Saturday, January 28, 2012

I've Gotten Most of My Education Since Leaving School

Maybe I just wasn’t listening, but in spite of all my many good teachers, much of my education for life has come the hard way. Here are some lessons I’m still learning in the age-old school of experience:

1. Becoming a full-fledged grownup takes time and work. I was in my forties when I realized how much I still thought of myself as the novice-come-lately, an inexperienced newcomer who had to accomplish twice as much in order to be seen as a competent and worthy adult. Not that I advocate being arrogant with others, just comfortably equal. I wish I had claimed that "just equal" status much earlier.

2. An ounce of prudence can prevent a ton of regret. I know mistakes are normal, and we can learn something from each of them, but I’ve also learned from experience that I don’t want to learn everything by experience. I’ve seen too many people desperately wishing they could go back in time and undo an impulsive decision they made in the past. I know I’ve made my full share of equally dumb moves, which only adds to my conviction that prevention is a lot wiser and better than cure.

3. Becoming a good human being is better than just being a great human doing. I’m glad for some of the good work ethic my parents drilled into me early on, but for too long I’ve tried to burn the candle at both ends, and have sometimes become over-involved in too many good things. In my old age I’m learning that spending quality time in spiritual reflection and with my friends and family is just as important as getting more stuff done.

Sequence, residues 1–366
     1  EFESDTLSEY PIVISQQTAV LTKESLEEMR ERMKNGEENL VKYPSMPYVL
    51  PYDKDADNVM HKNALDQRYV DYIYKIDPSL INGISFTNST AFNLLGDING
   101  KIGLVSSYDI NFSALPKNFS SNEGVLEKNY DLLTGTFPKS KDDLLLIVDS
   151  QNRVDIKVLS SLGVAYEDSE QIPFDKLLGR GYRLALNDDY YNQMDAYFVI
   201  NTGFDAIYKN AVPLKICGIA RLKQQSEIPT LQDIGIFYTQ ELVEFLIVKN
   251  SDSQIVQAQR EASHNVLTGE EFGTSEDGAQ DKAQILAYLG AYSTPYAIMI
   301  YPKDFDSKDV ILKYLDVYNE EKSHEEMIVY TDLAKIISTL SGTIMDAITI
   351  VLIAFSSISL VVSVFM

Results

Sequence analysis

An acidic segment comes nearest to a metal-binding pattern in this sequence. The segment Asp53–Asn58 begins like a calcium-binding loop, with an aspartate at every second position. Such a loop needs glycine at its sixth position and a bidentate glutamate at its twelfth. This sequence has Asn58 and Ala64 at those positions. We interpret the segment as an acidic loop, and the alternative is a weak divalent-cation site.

4. Establishing lasting influence is better than exercising temporary control. I’m slowly learning that pressuring people with lots of intense arguments is a huge waste of time. People are more open to hear our points of view when we do more reflective listening and less reactive and defensive talking.

5. Maintaining good support networks is the best social security we can have. Since economies can fail, stock markets crash, and even whole nations collapse, our best long-term insurance is having communities and congregations of people so committed to each other that no one is in need unless everyone is. To the extent that we care for and nurture such communities, they will care for and nurture us.

Now if I could only earn some kind of degree for all that learning.
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